2001 arrived and I made ready to move on. September 11 happened. And here are parts of the reason I never liked The Bank. NYC on September 11 was an odd place to be . I was in Midtown but no knew what was really happening. People started leaving. The Bank’s policy was to never expense employee meals unless travelling. Even then they had a global policy of $45 daily for everything if you w ere travelling. By the afternoon, one of the managers said he would buy pizza for everyone still there in our department. He was admonished and advised he would not be reimbursed. I ventured back into NYC on the 13th. I had been due to teach a class on loans. I felt that needed to be placed on hold as people adjusted to our changing world. I went to the floor where the students sat. It was just past 9 A.M. And the first day back in Midtown for many of us. You could have heard a pin drop as people sat at their desks, heads down, working furiously. I still refused to teach the class.
I worked in the IT area and was hired specifically for my non-techie self. Someone there told me I would like “The Big Bang”. It’s because some of the people were just like that. Despite all this, I stayed even after my group was let go. I was brought back as a consultant for another 11 years. It worked. I was mostly on my own. Despite the lack of benefits, I made nice money. Almost too much money as it were because it was difficult to get something similar. I worked alternate hours 7:30 – 4:00 or 4:30. Eventually, I worked 7:30 – 3:30 but I was always available before and after hours. In fact, due to my West Coast following, I took calls and emails till 9:30 or so. I also worked remotely on Fridays as commuting became dangerous for me. I also worked remotely in bad or hot weather. This was the job where my mobility began to give out. My standard line (feel free to use as you see fit) was, “It’s not contagious. It’s not cancer. It’s not terminal. And, there is nothing wrong with my brain.” For the OMG! OMG What happened to you crowd, I would laugh. “I am just falling apart.”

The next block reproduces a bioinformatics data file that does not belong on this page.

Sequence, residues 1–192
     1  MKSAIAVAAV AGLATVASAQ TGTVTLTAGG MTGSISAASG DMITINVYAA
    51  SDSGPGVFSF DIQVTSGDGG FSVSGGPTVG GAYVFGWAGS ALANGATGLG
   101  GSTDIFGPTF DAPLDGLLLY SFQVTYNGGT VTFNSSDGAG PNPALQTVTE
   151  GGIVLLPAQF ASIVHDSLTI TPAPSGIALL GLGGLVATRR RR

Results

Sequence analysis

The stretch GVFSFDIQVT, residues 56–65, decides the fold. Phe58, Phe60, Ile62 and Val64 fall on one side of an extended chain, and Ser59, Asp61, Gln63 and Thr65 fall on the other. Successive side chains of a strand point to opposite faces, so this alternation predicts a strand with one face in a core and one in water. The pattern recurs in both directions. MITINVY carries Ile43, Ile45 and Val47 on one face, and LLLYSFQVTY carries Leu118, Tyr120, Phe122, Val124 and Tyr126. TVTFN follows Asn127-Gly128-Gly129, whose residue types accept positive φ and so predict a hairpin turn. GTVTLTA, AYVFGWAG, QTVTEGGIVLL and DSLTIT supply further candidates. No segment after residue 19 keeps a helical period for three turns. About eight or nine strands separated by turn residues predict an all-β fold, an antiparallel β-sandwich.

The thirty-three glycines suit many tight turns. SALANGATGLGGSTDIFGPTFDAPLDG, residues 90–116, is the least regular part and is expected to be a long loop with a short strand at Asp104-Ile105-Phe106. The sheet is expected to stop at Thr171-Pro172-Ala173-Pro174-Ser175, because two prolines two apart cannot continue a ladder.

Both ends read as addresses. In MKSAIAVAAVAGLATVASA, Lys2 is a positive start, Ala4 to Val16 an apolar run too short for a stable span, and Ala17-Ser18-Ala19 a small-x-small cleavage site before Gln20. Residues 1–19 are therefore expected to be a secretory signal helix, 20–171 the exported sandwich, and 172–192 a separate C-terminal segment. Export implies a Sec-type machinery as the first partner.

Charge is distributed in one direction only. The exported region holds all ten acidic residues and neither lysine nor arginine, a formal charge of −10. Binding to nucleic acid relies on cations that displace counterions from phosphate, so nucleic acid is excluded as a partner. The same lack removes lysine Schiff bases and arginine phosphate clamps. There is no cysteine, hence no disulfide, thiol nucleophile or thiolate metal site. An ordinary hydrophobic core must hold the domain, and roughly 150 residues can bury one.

It all ended badly. My reasonable accommodation was removed. I was made a truly insulting offer to become an employee which was totally unacceptable.